I’d like to make another argument for the value of viewing books as defined by evolutionary principles, the primary point of this post I think. Complex multi-cellular organisms, such as humans, are produced by a process of ‘epigenesis.’ In short, we are not just the product of our genes, but also of our development (the nature/nurture binary having been so long collapsed it needs no further explication here):

“Development is not an automatic, pre-ordained unfolding process which, once initiated, proceeds to the completed state of the adult organism. Rather, each individual is, in a real sense, created anew, the unique outcome of an immensely complex series of interactions between the different parts of the genetic constitution of the individual; and also between its genes, its developing parts and its environment” (Plotkin 122)

Paraphrasing Plotkin, our genes dictate a range in which an attribute may develop, setting constraints, whilst the environment of our development dictates where that attribute settles and manifests in the range. For instance my shoe size is 13, but my genes didn’t make them that way. My genes said that my feet could be somewhere between 10s and 15s, and my development, my ‘ontogeny,’ in the womb and in childhood, selected somewhere in this range (to any biologists: forgive my violence to the theory of epigenesis, my intentions are good).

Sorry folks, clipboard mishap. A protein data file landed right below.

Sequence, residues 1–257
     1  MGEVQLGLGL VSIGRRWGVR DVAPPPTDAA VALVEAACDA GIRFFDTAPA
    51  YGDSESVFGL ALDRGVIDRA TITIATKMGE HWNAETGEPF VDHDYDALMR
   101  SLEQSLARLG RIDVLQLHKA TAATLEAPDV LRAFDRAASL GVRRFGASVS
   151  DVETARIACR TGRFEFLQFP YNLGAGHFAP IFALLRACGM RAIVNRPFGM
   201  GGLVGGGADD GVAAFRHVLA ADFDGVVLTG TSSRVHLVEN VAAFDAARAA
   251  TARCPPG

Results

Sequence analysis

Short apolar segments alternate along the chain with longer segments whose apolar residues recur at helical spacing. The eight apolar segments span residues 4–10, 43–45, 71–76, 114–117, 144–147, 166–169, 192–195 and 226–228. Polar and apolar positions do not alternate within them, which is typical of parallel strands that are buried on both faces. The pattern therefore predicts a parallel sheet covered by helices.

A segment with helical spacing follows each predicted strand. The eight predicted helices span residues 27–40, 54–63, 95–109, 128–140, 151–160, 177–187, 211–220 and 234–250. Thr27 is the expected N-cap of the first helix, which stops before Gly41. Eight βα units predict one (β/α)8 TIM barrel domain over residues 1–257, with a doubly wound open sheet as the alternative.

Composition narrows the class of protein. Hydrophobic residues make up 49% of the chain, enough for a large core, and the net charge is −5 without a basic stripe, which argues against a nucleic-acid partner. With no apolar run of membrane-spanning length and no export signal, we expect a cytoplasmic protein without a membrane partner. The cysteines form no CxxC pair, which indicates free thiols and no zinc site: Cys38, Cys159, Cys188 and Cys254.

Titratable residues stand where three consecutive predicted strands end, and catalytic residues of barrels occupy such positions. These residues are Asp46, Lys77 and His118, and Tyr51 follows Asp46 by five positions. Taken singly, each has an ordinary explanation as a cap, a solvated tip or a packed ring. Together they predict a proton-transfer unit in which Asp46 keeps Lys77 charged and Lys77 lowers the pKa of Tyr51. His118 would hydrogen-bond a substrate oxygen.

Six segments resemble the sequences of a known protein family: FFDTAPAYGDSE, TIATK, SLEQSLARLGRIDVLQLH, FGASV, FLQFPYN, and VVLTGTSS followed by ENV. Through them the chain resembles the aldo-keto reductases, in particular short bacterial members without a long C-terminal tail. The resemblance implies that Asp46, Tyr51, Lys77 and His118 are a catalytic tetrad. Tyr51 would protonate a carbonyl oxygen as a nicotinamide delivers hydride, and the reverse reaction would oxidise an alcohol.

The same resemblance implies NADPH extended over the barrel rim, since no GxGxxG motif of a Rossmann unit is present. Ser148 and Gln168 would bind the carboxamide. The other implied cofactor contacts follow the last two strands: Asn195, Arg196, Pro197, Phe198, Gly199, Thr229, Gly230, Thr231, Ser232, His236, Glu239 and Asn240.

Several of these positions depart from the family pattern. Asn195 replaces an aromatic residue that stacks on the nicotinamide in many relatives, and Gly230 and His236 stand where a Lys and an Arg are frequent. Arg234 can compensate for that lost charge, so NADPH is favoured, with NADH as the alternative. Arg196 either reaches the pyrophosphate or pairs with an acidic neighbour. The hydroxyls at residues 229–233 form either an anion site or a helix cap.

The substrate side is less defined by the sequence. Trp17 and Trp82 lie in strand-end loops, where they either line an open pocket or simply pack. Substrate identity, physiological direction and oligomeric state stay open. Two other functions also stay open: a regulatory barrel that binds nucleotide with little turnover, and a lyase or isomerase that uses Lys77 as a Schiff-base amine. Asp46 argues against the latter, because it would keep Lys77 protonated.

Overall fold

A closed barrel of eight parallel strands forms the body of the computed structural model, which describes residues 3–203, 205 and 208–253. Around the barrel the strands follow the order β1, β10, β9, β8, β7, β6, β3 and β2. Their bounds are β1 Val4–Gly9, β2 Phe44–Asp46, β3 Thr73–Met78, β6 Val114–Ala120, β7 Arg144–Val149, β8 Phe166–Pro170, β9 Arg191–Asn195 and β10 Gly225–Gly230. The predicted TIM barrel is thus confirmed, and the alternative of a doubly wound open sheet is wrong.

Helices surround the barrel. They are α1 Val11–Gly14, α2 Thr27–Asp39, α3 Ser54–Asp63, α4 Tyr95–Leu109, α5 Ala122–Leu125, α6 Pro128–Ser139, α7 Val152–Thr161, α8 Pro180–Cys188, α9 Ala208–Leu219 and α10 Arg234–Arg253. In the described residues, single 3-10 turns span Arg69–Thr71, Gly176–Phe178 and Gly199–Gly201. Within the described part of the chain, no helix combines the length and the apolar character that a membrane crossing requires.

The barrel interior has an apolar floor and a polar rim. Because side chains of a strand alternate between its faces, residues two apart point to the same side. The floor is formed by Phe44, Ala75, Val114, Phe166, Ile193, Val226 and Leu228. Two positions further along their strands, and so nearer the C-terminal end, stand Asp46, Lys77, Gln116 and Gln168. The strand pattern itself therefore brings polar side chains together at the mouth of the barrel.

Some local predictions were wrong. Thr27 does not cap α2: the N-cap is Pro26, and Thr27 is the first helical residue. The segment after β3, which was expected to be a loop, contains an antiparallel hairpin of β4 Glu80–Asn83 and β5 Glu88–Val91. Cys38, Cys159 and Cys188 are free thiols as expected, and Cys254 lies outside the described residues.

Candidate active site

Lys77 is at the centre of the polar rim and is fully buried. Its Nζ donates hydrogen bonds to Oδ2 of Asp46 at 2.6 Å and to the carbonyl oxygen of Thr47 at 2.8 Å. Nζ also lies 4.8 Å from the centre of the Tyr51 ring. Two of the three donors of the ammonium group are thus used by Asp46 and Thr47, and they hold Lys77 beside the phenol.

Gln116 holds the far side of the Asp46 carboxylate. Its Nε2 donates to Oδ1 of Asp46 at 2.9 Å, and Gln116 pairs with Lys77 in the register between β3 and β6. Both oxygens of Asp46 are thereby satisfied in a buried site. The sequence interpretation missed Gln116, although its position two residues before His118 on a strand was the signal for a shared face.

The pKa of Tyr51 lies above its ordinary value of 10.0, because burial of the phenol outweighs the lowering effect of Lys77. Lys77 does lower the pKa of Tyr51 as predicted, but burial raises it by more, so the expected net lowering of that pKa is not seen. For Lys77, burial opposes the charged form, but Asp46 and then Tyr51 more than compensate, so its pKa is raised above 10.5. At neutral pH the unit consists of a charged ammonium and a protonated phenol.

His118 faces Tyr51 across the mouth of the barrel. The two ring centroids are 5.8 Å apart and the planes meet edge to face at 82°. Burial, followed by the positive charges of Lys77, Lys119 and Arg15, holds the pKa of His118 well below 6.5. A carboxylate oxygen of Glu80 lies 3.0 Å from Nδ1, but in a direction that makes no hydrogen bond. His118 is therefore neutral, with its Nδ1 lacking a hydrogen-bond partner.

It might well be productive to think of our evolved books in this way. Their genes (memes) are their form and the letters on their pages, both determined by histories of variation and adaptation. A Penguin Modern Classics edition of Ulysses, (undoubtedly a very well adapted animal, ably passing on its memes) appears as a result of the selective pressures on its ancestors: a codex not a scroll, glue-bound not stitched, distinctive front cover art not individualistic, batch produced not hand printed, High Modernist style not genre fiction (maybe ur-genre?), etc. etc. This is the book as adapted organism, the book as embodied knowledge as described above. But it is not the text in its theoretical sense, it is not the individual instance. As has been increasingly appreciated, the text emerges in the environment of being read by a reader, much as we emerge epigenetically in response to living in our world. As readers we take that memetic material which describes the constrained ranges of attributes we designate ‘book,’ and we select, through our reading experience, along those ranges to produce the text, performing the same function as my early life’s selecting from the genetic range to produce my feet.